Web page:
Needed: North-South Cooperation on Iran
W. Pal Sidhu suggests that the nuclear agreement between Brazil, Iran and Turkey marks the emergence of new powers, but the established powers still have a significant role to play.
Writing for his fortnightly column on livemint.com, Sidhu describes two views on the recent nuclear deal. One, popular in the global South sees a new, more assertive role for successful developing countries, and the other, popular among the developed world, that sees the deal as naïve and unrealistic. The reality, he suggests, is somewhere in between.
"While it is true that both Brazil and Turkey have been more assertive in the international arena on issues well beyond their borders … they have also been cautious in their approach and have sought to work closely with the P5," he writes." The Tehran agreement is not a radical new proposal and resembles the earlier agreement that Iran has discussed with the Vienna group since October 2009."
Sidhu argues that the limited scope of the agreement highlights this deference to the five permanent members of the Security Council. "Had there been an anti-Western sentiment, the contours of the Tehran deal would have looked very different," he suggests. "Brazil might have offered to supply the enriched uranium directly, instead of reiterating that it be supplied by the Vienna group (as was envisaged in the original agreement discussed between Iran and the Vienna group)."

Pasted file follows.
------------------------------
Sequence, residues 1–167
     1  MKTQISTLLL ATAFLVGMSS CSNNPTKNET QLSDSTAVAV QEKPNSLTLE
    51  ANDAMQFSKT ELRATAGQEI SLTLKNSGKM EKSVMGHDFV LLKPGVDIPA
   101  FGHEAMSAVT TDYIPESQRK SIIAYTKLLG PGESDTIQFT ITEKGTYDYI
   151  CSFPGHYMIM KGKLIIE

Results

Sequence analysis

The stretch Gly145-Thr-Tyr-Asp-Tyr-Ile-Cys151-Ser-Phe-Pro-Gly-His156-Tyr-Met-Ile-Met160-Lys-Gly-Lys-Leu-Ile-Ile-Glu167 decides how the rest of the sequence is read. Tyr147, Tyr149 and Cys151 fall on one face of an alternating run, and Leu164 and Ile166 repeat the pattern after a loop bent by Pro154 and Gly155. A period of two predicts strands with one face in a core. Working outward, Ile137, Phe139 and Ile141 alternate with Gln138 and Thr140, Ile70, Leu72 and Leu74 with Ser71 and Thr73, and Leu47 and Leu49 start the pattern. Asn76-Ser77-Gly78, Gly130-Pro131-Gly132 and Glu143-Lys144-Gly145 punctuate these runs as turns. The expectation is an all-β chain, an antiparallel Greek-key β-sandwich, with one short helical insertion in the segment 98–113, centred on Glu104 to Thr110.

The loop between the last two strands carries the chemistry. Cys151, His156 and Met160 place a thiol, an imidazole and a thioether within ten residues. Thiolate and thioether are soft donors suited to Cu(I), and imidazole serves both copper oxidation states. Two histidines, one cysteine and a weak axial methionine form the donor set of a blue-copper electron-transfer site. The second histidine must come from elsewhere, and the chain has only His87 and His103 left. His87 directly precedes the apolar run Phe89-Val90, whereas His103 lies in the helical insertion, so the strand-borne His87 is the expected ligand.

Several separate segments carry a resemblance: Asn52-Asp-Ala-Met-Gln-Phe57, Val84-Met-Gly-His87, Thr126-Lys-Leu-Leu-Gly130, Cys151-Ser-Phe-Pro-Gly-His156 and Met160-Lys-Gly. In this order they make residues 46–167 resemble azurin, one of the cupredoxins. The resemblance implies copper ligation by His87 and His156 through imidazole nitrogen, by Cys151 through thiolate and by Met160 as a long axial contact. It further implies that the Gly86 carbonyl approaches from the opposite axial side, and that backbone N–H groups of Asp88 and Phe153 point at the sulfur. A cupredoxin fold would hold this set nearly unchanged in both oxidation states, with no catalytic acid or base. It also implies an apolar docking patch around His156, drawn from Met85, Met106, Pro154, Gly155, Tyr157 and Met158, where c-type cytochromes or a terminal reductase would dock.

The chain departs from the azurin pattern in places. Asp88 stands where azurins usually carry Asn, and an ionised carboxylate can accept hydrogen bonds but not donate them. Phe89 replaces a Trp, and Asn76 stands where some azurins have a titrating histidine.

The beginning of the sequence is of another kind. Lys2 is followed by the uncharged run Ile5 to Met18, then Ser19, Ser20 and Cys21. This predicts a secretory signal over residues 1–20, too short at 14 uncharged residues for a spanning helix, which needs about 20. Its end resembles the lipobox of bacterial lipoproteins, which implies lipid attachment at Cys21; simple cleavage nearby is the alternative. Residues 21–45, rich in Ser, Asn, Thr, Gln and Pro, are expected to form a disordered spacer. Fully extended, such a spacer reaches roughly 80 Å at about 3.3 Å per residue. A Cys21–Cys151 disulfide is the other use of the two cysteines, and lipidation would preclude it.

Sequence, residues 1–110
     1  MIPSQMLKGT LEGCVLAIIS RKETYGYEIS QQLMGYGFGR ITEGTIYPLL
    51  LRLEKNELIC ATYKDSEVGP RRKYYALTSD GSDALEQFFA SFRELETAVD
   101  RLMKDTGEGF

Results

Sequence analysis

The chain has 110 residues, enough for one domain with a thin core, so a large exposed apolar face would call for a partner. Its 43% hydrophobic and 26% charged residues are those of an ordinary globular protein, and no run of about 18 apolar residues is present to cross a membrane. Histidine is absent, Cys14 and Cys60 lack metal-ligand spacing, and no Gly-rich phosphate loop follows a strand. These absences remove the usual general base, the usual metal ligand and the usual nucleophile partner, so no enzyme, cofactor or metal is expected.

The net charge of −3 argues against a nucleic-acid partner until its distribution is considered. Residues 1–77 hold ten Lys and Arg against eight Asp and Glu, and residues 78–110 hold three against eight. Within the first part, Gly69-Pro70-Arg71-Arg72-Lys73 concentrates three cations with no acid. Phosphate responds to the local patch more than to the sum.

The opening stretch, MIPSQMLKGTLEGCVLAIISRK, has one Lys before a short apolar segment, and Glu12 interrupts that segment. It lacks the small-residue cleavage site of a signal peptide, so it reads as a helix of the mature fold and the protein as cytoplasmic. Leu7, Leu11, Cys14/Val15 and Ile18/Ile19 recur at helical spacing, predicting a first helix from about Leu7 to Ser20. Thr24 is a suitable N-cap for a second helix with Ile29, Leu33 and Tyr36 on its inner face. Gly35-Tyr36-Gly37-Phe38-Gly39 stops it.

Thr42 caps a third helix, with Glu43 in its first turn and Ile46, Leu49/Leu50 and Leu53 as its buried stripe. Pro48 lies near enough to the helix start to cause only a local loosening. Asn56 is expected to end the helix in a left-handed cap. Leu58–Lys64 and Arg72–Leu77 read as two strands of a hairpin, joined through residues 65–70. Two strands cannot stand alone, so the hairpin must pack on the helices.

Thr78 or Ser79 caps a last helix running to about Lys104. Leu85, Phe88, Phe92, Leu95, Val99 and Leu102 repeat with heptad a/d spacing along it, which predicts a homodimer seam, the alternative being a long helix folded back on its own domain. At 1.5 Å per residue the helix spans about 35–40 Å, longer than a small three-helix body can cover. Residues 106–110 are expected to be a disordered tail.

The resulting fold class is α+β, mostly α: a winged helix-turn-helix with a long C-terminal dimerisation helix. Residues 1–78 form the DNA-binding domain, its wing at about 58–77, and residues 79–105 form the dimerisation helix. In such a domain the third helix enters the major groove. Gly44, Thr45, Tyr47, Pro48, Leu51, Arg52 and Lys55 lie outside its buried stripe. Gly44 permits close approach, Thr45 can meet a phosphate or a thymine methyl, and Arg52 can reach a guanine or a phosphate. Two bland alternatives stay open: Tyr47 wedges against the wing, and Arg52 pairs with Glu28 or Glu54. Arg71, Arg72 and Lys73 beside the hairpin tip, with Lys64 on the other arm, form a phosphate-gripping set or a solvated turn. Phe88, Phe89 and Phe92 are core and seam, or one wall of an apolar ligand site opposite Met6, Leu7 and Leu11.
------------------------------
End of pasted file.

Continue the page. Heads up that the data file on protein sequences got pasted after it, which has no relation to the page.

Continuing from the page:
But despite Brazil and Turkey's efforts to accommodate the P5, the P5 has responded with its own draft resolution in the UN Security Council with a new round of sanctions against Iran. Sidhu considers this response disappointing, calling it short-sighted and indicative of "an anti-South attitude." Further, he suggests that the new resolution is unlikely to be effective. Competing demands from the U.S., China and Russia have watered it down, and, because Brazil, Turkey and Lebanon are unlikely to support the resolution, it will not be unanimous. "In this light, a resolution passed by the majority will lack credibility," Sidhu suggests. "The failure to effectively impose these sanctions will only further signal the growing weakness of the P-5 in UNSC."
Sidhu concludes with a call for a united effort. "What is abundantly clear is that to effectively address the crucial issue of Iran’s nuclear ambitions, there will have to be a combined effort of the West and key non-Western powers," he writes. "Neither one can be successful on its own."